ARMY NAPOLEONIC ERA
GENERAL’S FULL DRESS COCKED HAT
Presented is an English cocked hat or bicorne
of the high quality beaver felt and gold bullion trim. Considering its age, it is in very good condition because it must
have been worn regularly and was passed down in time without the protection afforded by a carrying case. The hat has a ribbed band of gold
embroidery along its upper edges and a band of wider gold bullion with a domed gold button at the bottom.
There is no cockade. The interior of the hat features a brown hat band and brown silk liner imprinted with
Christys – London. No size is given , but the hat’s circumfrence is 21″ and it is 18″ L x 8 1/4″ W x 9 1/4″
The British Royal Army Museum informs us that it is of the rank of a general officer.
from the 18th Century three corner covers that were called “Tricorne” by the French. Later, one corner
was eliminated and the two remaining ends became more pointed. The front brim was called the cock and the rear was called
the fan. The right side, frequently had an insignia known as a cockade. In England they were known as cocked hats and in France
the points were worn from shoulder to shoulder as with this hat until the end of the Napoleonic Era, and later they
were worn front to back. The band in this hat and the label show that this hat was intended to be worn with the ends
going slightly offset from shoulder to shoulder.
bicorne was widely worn until just before WW II as part of the full dress of officers of most of the world’s navies, but
after the War its use diminished, except when used in formal diplomatic dress.
CONDITION: The hat shows wear marks along the lower edge with more
on the right side showing that it was frequently carried while walking. There are also some wear marks on the top right
and the lower left rear. The head liner is in very good condition.
THE MAKER: Christys
& Co Ltd in England has operations dating back to 1773, starting with King George III. Christys’ is the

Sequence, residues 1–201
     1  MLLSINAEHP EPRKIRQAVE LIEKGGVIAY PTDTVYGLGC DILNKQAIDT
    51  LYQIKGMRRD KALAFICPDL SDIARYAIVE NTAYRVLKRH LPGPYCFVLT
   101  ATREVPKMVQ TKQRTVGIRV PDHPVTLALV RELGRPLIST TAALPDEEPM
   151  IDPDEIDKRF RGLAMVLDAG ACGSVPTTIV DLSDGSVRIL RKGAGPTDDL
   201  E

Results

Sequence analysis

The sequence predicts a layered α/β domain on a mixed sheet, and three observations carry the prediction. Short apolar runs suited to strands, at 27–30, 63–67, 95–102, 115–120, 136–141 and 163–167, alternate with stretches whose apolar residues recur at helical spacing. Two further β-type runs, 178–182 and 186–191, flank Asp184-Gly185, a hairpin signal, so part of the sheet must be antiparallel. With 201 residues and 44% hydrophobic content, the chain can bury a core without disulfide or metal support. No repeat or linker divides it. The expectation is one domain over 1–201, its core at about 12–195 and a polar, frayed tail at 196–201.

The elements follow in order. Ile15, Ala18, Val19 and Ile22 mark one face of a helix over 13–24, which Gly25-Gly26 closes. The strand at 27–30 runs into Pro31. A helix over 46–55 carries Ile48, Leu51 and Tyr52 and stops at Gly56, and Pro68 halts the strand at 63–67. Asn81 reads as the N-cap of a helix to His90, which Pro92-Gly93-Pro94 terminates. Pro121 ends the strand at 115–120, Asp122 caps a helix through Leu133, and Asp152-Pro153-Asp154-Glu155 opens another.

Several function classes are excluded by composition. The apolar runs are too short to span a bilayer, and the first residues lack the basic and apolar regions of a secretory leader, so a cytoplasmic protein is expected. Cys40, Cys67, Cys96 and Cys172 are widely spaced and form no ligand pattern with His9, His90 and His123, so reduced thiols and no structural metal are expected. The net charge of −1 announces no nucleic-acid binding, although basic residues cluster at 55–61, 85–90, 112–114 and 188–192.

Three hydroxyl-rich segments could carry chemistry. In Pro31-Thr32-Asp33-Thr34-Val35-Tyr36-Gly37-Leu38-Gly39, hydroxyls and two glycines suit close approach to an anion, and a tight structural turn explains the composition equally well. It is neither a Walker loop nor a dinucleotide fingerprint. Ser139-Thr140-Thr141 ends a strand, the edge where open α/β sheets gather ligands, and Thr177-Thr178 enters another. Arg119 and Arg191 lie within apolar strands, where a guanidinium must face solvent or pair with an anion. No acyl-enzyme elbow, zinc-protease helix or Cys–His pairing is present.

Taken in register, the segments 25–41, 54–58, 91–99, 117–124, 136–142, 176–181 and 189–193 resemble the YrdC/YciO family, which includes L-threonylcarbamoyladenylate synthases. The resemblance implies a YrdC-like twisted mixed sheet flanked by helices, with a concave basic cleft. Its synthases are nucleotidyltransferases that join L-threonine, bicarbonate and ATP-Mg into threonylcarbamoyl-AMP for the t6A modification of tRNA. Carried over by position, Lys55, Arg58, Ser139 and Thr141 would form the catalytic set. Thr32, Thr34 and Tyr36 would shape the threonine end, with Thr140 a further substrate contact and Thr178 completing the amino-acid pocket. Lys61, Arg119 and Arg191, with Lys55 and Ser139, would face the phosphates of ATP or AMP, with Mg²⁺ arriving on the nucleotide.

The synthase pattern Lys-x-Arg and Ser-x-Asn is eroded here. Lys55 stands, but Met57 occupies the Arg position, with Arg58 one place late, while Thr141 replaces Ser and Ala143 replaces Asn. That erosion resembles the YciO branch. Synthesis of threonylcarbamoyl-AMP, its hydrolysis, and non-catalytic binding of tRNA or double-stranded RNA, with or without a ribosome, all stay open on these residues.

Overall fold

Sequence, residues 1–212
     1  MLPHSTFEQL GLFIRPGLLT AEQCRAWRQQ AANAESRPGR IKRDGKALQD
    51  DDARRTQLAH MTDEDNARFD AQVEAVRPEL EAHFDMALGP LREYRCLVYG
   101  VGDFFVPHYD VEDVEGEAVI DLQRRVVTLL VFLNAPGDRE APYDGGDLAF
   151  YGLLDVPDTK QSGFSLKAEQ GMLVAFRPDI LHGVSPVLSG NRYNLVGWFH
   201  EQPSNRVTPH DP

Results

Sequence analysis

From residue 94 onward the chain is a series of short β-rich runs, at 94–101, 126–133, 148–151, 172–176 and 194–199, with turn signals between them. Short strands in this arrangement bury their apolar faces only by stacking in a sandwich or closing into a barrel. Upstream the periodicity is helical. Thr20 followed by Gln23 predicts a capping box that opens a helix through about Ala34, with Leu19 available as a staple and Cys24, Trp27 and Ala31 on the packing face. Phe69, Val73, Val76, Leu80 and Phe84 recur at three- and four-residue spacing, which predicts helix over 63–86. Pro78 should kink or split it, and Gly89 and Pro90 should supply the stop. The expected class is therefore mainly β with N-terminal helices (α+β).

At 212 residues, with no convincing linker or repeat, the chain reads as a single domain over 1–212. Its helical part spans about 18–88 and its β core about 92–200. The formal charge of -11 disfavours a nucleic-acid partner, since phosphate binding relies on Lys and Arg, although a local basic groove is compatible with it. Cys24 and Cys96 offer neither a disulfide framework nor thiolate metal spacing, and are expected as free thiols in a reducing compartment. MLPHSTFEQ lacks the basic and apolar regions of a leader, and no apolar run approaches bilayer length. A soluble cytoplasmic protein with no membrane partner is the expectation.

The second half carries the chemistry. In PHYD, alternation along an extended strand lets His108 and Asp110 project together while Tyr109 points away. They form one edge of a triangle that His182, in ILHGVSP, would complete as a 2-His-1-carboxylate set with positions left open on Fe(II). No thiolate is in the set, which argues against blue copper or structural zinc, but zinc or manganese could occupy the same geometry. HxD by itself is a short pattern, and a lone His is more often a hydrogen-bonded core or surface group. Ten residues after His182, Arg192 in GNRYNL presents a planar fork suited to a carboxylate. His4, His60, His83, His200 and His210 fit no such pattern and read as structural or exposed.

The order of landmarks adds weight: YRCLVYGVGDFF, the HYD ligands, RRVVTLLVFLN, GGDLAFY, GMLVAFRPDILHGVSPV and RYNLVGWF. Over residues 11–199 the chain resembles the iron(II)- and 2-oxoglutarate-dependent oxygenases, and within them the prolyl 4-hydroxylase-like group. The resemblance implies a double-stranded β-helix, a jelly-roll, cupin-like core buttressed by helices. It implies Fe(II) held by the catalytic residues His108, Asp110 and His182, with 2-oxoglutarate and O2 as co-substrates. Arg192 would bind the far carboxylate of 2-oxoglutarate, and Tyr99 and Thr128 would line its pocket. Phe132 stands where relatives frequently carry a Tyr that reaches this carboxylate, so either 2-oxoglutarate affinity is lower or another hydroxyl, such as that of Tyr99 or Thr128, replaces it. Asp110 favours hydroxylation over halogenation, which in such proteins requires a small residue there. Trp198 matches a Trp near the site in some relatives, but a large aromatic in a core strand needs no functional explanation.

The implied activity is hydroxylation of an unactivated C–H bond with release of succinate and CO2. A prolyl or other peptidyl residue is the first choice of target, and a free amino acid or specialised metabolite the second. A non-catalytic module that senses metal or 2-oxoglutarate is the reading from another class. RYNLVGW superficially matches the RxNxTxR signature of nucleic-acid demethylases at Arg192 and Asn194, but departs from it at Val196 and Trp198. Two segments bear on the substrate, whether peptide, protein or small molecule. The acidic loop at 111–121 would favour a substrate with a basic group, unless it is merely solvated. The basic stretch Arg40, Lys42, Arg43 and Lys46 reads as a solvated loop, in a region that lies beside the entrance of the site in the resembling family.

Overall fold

only company in the world still making high quality top hats and bowlers in the traditional way, using hatting skills established
over 200 years ago and keeping a valuable British industry very much alive.
Christys London® brand was established by Miller Christy in 1773 who, following his apprenticeship to a hatter in Edinburgh,
created his own company which was to grow over several generations. Miller Christy set up his first partnership with
fellow Quaker, Joseph Storrs at No.5 Whitehart Court, London. This was where the first Christys’ hat shop was opened,
moving later to Gracechurch Street which remained the London address of the business until 1954. The main hatworks however
was in Bermondsey until partnerships with Stockport manufacturers took place in 1824. Stockport in Cheshire was a hub of hat-making in England in the 1700s and 1800s, with 53 hatting
firms there by 1864, including Christys. Stockport Museum is home to ‘The Christy Collection’, testimony to the
influence the company had in this proud hatting town. The Christy Papers include a 500 page booklet detailing its trade marks
registered around the world at the height of the British Empire.
its height, the Stockport factory alone employed 3,000 local people and was always managed by direct descendants of the company’s
founder. By 1843 Christy s’ was the largest hat and cap making factory in the world. Queen Elizabeth, the late Queen Mother
visited the Stockport factory in 1963 having commissioned Christy’s to make miniature hats for Queen Elizabeth II’s
dolls house many years earlier.
Both sides of the British Army Napoleonic Era bicorn
Two British Napoleonic Era officers wearing
different styles of bicorn hats
Showing wear at the peak of the hat and along
the lower rim
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